Profs quivering with fear, anger after Trump election

Tyler Arnold
Campus Reform Intern

  • In the wake of Donald Trump’s victory in the presidential election, some professors have taken to social media to demonize white men and bemoan the racism they see plaguing the country.
  • Others were openly fearful of what the election would portend, depicting a mob of "uneducated whites" carrying out Trump's "anti-woman, anti-Semitic" agenda.
  • In the wake of Donald Trump’s victory in the presidential election, some professors have taken to social media to demonize white men and bemoan the racism they see plaguing the country.

    “I was already terrified of white men,” one professor at the University of Hartford, Erin Bartram, admitted, but explained that there’s not even “a word to describe how scared I am of them now,” noting that “they are so much worse than” she thought.

    “Uneducated whites [are the] highest category of Trump voters, but [there are] too many educate ones, too.”   

    “How do I face these students who’ve just seen half of America repudiate their rights, their citizenship, their bodies, their very beings?!” she went on to exclaim.

    Several other professors responded to the election of Donald Trump in a likewise predictable fashion, denouncing him as a racist, bigot, and misogynist.

    A professor out of Trinity University, for instance, posed for a picture outside of Trump with middle fingers raised, a gesture he said captured the “current mood of all minorities, women, and immigrants.”

    One Wellesley professor took things a bit further, predicting that “it might be easier to recover from 9-11 than it is from 11-9,” referring to the day following Trump’s victory, while Rebecca Zietlow, a constitutional law professor at Toledo University, asserted that the Republican Party is now “wedded” to Trump’s apparent “racist, anti-woman, anti-Semitic” message.

    “During the campaign, Donald Trump relied on openly racist and anti-woman messages to motivate his supporters,” Zietlow told Campus Reform, providing a lengthy list of examples including “his referring to Mexican immigrants as criminals and rapists, his proposal to exclude Muslims from the US, his comments to Megyn Kelly,” and the “anti-Semitic innuendo” in his campaign rhetoric.

    “Many Republican leaders, such as Paul Ryan, tried to distance themselves from these messages (one time Paul Ryan referred to a Trump remark as "textbook racism"),” she explained. “But now that Trump has been elected president as a member of the Republican Party, he is now their standard bearer and leader. They can no longer distance themselves from his rhetoric, they have to own it.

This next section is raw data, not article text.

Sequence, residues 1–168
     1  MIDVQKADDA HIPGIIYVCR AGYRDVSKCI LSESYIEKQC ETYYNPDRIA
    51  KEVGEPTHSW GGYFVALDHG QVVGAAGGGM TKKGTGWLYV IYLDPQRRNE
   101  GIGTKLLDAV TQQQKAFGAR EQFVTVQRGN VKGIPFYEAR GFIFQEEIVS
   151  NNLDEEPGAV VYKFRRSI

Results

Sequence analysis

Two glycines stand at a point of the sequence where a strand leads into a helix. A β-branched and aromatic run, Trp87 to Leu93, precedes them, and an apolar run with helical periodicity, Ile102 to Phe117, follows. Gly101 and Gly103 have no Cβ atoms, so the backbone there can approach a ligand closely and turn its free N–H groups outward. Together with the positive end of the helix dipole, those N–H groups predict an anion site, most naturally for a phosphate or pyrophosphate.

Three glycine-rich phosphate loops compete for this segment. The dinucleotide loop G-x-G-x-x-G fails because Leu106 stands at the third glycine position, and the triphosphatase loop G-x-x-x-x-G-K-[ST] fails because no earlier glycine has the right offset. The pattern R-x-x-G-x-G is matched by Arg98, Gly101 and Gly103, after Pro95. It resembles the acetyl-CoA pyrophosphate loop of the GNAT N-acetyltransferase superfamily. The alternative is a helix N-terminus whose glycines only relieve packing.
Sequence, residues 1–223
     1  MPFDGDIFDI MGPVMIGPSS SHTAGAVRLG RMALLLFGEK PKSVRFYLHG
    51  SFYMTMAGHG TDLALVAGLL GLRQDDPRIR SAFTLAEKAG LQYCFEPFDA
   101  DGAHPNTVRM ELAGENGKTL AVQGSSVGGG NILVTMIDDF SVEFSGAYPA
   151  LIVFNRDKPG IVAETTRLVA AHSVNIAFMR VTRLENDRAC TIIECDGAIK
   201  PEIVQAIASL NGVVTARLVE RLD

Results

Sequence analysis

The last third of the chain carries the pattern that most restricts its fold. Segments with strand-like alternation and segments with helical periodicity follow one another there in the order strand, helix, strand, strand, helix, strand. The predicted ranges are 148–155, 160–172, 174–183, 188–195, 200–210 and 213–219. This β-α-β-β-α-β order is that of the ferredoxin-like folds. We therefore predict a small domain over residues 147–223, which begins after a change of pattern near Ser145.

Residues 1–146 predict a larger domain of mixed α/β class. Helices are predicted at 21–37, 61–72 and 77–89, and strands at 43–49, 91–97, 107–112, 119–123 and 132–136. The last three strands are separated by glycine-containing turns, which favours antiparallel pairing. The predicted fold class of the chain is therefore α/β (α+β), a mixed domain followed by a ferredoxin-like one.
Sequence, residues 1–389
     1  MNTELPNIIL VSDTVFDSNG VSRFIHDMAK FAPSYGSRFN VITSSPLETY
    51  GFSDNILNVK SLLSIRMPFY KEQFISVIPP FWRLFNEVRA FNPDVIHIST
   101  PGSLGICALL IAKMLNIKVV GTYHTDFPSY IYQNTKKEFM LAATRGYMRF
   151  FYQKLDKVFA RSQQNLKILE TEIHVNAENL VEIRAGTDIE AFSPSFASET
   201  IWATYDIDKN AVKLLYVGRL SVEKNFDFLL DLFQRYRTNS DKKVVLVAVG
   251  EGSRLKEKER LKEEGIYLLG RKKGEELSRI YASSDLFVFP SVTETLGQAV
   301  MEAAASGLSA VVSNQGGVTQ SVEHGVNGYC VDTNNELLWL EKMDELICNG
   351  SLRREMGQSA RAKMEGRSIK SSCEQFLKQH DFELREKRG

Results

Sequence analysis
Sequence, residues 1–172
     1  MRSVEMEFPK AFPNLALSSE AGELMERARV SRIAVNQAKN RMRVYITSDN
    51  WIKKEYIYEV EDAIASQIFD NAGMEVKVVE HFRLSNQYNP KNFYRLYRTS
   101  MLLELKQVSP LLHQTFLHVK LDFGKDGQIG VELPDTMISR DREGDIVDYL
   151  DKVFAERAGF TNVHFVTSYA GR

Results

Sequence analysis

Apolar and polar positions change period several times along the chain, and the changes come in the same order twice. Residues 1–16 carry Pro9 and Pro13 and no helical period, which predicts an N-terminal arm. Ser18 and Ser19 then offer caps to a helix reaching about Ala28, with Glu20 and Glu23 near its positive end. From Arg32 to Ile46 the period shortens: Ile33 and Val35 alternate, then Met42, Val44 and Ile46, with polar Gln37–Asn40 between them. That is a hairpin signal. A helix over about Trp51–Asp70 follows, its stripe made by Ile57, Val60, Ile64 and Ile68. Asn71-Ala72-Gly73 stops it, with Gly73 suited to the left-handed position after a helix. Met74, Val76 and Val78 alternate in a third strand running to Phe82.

The lengthiest Trump-bashing of the night, though, came from professor Dan Tagliarina from Utica College, who posted is 14-post rant to his Twitter, saying he is “terrified” of Trump’s “naked, unabashed hate,” before saying the country cannot let democracy result in “hate” and “oppression.”

    “Do not let hate, xenophobia, racism, sexism, and everything else prevail. Rule of law and love must win,” he added.

    A pair of professors from University College, London also chimed in on America’s election night, with one saying that racism and sexism won the night.

    “Uneducated whites [are the] highest category of Trump voters, but [there are] too many educate ones, too,” she contended.

    Her colleague, Heidi Safia Mirza, voiced a similar concern, Tweeting that “we need a race class sex intersectional analysis of election” because it’s “scary” that educate white men rallied for Trump.

    Campus Reform reached out to each of the professors for comment, but none had responded by press time, apart from Zietlow.

    Follow the author of this article on Twitter: @TylerArnold18





    Tyler Arnold

    Tyler Arnold

    Campus Reform Intern

    Tyler Arnold is an intern for Campus Reform. He graduated from Penn State with a B.A. in print journalism and a minor in political science. He has contributed for The Washington Free BeaconThe Libertarian Republic, and formerly reported on state and national politics at The Daily Collegian

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